LANG Ping 略歴
There is little doubt that Lang Ping is one of volleyball's greats. The Tianjin-born "Iron Hammer" won two Women's World Cups, one World Championship, and an Olympic Games gold medal as a player before becoming a widely-celebrated coach. When she led the Chinese women's team to gold at Rio 2016, she became the first person to win gold as both a player and a coach.
Lang was first selected for the Chinese national team in 1978, aged 18. Quickly becoming a mainstay of the team, the outside hitter led the Chinese team to triumph at four consecutive international championships – the 1981 and 1985 World Cups, the 1982 World Championship, and the 1984 Olympic Games. She first retired from playing in 1986, moving to the U.S. to study and coach at the University of New Mexico, but made a short return to the court a few years later during which she won World Championship silver in 1990.
Her first spell in charge as head coach of the Chinese team brought a World Cup bronze and World Championship and Olympic silver, earmarking her legacy as a cultural icon throughout the country. Many older Chinese still associate her name with the country's booming sports prowess in the early 1980s.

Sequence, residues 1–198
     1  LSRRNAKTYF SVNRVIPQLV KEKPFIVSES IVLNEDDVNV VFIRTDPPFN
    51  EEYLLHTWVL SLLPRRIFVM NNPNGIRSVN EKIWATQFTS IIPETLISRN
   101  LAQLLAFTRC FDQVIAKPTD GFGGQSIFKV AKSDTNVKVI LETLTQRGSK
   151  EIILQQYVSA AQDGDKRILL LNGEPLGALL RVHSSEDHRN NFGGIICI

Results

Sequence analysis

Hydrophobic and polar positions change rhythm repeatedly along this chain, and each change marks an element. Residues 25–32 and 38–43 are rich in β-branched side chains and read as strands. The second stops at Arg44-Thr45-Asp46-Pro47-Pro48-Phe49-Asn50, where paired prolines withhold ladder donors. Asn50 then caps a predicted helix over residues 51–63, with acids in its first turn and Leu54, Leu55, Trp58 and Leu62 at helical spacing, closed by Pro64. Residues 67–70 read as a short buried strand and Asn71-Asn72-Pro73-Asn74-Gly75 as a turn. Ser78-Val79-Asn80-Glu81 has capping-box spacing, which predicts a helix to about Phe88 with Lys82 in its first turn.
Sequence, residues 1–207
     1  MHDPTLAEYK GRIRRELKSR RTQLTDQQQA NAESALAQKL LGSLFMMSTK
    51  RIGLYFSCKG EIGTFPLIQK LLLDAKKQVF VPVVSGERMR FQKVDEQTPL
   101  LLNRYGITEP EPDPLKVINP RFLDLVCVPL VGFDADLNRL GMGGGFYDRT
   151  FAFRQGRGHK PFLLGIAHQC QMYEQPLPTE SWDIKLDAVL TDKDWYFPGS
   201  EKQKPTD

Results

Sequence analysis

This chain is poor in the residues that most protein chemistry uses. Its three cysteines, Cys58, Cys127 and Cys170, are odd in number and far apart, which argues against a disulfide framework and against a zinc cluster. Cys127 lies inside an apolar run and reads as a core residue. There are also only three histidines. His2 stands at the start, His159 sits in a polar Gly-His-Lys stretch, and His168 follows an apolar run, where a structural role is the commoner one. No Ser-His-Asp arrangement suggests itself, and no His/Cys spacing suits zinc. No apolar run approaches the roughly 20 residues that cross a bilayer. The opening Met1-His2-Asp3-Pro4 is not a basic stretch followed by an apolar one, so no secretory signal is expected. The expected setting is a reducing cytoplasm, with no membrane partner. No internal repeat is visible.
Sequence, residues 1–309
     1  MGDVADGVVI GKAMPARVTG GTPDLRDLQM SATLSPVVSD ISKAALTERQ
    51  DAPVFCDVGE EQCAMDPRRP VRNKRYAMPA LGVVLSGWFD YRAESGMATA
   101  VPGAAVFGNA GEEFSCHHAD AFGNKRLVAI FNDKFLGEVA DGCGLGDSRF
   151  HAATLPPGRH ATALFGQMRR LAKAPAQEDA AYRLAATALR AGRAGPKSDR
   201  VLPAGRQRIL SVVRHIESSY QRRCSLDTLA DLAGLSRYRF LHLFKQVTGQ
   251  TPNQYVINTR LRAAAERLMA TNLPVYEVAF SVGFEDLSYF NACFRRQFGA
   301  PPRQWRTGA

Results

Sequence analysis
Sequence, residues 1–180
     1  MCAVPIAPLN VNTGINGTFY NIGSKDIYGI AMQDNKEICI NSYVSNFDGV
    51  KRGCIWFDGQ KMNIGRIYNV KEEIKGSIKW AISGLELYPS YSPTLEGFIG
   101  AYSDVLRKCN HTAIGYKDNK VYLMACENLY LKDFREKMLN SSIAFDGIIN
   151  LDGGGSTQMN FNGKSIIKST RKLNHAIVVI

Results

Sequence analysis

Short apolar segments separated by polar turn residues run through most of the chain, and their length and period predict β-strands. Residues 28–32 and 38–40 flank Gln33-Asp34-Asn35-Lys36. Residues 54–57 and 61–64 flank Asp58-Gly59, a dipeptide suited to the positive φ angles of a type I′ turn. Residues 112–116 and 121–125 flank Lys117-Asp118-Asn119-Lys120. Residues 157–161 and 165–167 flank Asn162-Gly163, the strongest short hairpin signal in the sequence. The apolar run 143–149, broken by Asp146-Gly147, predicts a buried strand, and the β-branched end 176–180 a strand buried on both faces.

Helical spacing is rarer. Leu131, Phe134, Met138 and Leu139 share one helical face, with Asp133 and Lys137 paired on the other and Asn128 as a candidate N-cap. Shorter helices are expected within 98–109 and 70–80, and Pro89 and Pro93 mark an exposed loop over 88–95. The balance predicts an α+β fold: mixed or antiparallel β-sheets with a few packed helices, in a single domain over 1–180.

Lang took up a position with the U.S. national team in 2005, having agonised over the decision for three months. Public debate was fierce in China, but ultimately Lang accepted the job to be closer to her American-born daughter. "Now China's volleyball coaches can be 'exported' to coach in the U.S., a traditional sports power, it's an honour," she said. "There are many foreign coaches in China, so what's so odd about Chinese coaching foreign teams?"
Although she kept her Chinese citizenship, Lang was criticised in some quarters as a "traitor" when she coached the U.S. team to a win over her homeland at Beijing 2008 en route to winning silver. But she returned to head the Chinese team in 2013, winning back those who disagreed with her decision in 2005, and success in Rio cemented her place in volleyball history.